PERMISS

Political Activity (The Hatch Act)

Under the 1939 Hatch Act, federal employees, employees of the District of Columbia (D.C.) government, and certain state and local government employees faced significant restrictions on their ability to participate in political activities. Congress amended the Hatch Act in 1993 to permit more political activity by federal and D.C. government employees. (These amendments did not change the provisions applying to state and local employees.)

With the 1993 amendments, many federal employees (including Army civilian employees) are now permitted to take an active part in political management or in political campaigns. However, certain federal agencies and categories of employees continue to be subject to important restrictions on political activities (including partisan candidacy, solicitation of contributions, and on-duty political activity). The penalties for violating the Hatch Act restrictions are very severe. Most violations are subject to removal.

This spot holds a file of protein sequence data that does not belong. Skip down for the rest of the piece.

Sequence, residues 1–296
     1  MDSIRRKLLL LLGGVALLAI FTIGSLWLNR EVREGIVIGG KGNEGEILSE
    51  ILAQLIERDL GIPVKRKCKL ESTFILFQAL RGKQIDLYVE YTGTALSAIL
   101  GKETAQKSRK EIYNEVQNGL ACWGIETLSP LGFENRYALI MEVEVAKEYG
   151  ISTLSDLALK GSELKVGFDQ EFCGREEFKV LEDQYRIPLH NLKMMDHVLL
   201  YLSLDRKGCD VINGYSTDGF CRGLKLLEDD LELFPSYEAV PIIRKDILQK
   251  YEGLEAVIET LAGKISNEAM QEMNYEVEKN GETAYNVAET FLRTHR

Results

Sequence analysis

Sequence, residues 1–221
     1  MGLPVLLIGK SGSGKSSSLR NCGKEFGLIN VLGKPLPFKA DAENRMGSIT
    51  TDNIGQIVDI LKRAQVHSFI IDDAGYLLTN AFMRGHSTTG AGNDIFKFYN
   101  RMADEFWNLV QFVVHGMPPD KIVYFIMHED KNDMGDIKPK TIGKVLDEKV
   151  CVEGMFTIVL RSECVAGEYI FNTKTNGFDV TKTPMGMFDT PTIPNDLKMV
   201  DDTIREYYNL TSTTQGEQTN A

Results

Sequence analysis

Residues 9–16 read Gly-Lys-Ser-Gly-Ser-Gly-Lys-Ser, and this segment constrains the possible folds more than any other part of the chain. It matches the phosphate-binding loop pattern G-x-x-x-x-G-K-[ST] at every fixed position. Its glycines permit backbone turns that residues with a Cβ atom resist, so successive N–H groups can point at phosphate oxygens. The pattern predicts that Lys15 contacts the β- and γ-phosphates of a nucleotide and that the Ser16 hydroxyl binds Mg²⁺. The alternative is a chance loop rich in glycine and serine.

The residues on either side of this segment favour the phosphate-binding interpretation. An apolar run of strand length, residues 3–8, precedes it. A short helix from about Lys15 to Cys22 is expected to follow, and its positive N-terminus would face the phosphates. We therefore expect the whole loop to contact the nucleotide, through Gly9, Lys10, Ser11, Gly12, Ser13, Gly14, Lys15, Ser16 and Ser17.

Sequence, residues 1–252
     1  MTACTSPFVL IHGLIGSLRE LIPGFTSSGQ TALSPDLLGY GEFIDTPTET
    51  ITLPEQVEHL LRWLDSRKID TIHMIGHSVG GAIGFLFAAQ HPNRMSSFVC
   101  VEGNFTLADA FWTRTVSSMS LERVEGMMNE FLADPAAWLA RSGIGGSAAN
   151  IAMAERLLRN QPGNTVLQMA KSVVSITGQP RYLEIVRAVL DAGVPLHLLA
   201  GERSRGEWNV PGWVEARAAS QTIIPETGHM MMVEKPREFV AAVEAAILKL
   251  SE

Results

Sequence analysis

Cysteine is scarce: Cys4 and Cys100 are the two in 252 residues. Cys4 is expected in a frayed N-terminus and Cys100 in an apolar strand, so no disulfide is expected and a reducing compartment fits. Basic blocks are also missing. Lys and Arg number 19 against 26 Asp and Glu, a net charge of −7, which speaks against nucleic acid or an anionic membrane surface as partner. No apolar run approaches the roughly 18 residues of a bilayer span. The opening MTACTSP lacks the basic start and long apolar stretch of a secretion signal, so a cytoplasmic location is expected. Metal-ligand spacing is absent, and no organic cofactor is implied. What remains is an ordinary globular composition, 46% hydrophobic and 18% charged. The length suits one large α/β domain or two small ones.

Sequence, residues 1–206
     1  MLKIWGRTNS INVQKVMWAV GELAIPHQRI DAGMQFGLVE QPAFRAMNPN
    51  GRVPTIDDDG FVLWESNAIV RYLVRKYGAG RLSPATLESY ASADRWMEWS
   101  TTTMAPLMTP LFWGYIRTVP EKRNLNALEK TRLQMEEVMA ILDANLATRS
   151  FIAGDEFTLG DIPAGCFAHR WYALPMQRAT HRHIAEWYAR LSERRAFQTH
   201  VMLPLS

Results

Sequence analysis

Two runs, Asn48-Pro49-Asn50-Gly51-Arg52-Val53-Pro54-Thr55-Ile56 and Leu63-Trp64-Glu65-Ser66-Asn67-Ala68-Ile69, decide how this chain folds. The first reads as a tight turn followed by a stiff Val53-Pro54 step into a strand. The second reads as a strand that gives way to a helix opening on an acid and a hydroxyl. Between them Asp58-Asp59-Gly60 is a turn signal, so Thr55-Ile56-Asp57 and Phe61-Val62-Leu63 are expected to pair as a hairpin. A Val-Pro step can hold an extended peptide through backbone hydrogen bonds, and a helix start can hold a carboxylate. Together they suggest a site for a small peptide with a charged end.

The U.S. Office of the Special Counsel (OSC) is responsible for enforcing the Hatch Act. The web site has a great deal of information on restrictions and on permissible activities. By law,the restrictions noted in the second paragraph above apply to classes of employees including career Senior Executive Service (SES) members, administrative law judges, members of board of contract appeals, and employees of the National Security Agency (NSA) and the Defense Intelligence Agency (DIA). Further, by Department of Defense (DOD) policy, Presidential appointees confirmed by the Senate and non-career SES members may not engage in actions that could be interpreted as associating the DOD with any partisan political cause or issue. If you have questions concerning the appropriateness of certain activities you may contact the OSC directly at 1-800-85-HATCH. For information about DOD restrictions on activity that could be interpreted as associating the DOD with partisan political causes, you may contact the Civilian Personnel Advisory Center or your local legal office.


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This page was last revised: 7/3/2012